Lyon officials spend time in Carson jail

With the need for a new jail in Lyon County looming, county officials decided to spend some time in the Carson City slammer.

Carson City Sheriff Kenny Furlong and Sheriff's Lt. Clay Wall escorted a group of Lyon officials that included the sheriff, undersheriff, county manager, county engineer and four county commissioners through the Carson facility, from the booking center to the courtroom.

Along the way, Wall advised Lyon officials what to do or not to do in their jail.

"Don't put in drop ceilings," he said, pointing to the ceilings in the pod and explaining that an inmate could get up there and get hurt.

Wall also recommended lots of storage space in the kitchen area, as it costs less to buy food in bulk. He said the Carson jail's kitchen manager has saved more than $10,000 by making deals for bulk food, and if the jail had more storage space, they would have saved more.

But the biggest way Lyon County can save money is through cameras and correct classification of inmates, Furlong said.

Cameras follow the inmate from the sally port where they are brought into the building to booking to an observation cell, to the pod to which he or she is assigned. A service technician in a central control room has a view of all cells and all cameras in the facility.

"The video surveillance for the safety and security of staff is tremendously important," Lyon County Sheriff Allen Veil said. "It's also important for liability reasons."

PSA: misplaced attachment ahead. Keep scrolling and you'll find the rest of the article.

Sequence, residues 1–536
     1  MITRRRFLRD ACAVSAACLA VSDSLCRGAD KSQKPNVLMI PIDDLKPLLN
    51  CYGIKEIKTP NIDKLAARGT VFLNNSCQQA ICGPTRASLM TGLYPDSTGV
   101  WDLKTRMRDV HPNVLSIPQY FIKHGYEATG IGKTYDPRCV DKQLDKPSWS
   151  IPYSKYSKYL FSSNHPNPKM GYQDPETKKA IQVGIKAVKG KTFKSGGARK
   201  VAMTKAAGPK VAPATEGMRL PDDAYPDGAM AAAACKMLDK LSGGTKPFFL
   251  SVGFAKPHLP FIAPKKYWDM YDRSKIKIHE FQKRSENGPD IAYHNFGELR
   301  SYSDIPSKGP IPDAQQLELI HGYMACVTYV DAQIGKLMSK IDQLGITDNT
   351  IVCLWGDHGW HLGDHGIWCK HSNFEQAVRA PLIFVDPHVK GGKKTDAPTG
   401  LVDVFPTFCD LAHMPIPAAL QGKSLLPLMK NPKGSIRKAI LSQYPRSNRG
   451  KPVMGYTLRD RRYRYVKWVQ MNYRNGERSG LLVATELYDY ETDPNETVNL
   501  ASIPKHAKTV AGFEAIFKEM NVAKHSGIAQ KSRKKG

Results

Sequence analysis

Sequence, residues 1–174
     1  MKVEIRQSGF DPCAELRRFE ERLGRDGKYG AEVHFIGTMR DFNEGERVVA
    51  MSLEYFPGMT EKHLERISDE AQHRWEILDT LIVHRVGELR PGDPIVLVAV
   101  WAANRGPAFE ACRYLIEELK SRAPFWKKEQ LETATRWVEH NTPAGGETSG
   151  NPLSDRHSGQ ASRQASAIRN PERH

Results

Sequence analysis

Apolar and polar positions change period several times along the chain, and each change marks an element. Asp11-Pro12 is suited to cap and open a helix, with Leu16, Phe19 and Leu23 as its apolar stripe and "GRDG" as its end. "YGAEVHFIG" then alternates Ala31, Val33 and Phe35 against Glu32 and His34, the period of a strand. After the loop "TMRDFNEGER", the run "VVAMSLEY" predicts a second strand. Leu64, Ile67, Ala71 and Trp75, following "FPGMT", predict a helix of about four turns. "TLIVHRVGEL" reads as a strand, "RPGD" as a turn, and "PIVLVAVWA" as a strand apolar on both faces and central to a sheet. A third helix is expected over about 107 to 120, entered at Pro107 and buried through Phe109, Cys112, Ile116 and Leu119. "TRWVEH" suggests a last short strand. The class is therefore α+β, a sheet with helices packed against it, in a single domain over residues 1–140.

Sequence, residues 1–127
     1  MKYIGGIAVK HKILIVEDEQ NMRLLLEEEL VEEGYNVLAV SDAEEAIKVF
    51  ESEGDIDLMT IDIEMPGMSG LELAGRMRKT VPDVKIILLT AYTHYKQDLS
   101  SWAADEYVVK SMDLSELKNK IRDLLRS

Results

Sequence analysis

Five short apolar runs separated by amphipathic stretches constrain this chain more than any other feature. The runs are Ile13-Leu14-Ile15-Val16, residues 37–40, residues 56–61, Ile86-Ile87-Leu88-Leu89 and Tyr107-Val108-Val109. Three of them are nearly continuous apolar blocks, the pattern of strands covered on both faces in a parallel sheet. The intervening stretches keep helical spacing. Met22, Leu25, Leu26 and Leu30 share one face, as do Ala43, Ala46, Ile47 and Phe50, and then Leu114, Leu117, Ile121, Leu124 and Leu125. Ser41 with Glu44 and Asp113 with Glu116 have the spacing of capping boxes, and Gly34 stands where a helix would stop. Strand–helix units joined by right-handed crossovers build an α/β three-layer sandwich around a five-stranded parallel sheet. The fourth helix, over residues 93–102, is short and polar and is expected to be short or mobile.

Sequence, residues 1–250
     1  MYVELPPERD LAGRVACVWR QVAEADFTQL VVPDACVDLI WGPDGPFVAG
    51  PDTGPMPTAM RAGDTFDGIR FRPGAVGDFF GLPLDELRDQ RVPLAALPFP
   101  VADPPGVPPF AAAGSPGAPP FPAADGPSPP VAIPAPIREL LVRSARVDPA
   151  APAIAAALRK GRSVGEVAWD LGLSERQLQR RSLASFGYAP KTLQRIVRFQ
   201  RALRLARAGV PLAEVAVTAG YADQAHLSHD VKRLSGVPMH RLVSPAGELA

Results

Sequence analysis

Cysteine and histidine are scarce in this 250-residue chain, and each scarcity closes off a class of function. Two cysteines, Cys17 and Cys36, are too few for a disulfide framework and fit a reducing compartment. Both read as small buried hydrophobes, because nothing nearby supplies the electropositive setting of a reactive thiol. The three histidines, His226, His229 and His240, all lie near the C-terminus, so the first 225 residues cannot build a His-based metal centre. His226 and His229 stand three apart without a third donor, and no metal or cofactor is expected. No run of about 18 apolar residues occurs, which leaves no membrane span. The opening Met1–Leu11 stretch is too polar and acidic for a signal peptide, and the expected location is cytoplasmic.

Classification and care of inmates by a psychologist saves money in the long run as well, by pinpointing unstable or suicidal inmates and ensuring they are under observation and receive the mental-health care they need.

Furlong said jails have become de facto mental health facilities, and the jail could be held responsible if an inmate died or was seriously injured.

He said the cost of a psychologist is minimal compared to what they would pay if a tragedy occurred.

"One death in your facility can cost you more than you will ever pay that person," Furlong said.

Commissioner Larry McPherson, in whose district the new Lyon facility will be built, was impressed with the Carson's central control unit.

"You have one person on duty and you know what's going on from all angles," he said. "It's a cost-saving measure."

But Veil was concerned that the Carson control room operator was often alone to view the inmate pods, deputies on the floor and many cameras. "That's just extremely difficult for one person," he said.

Veil liked the fact that Carson jail officials could do everything on site.

"Anytime you move an inmate, it creates a security risk," Veil said. Lyon County Jail officials must transport inmates to doctors and dentists, mental heath professionals and court appearances at five courts stretching across the vast county.

"Having a facility where courts are located in the same facility will improve our safety and cut down on transportation," he said, though he added the downside of that is that residents who are witnesses or victims could be the ones having to travel to get to court.

He also said he preferred direct supervision to indirect, because recidivism rates were lower. But he added it was premature to make decisions now.

Veil and McPherson will both be going to a National Institute of Corrections' Planning of New Institutions program, also called PONI, in Longmont, Colo., on March 27-29.

"When we get there and get a little more education on the facilities, all the pros and cons, we'll be better able to answer the questions," he said.

• Contact reporter Karen Woodmansee at kwoodmansee@ or 882-2111 ext. 351.


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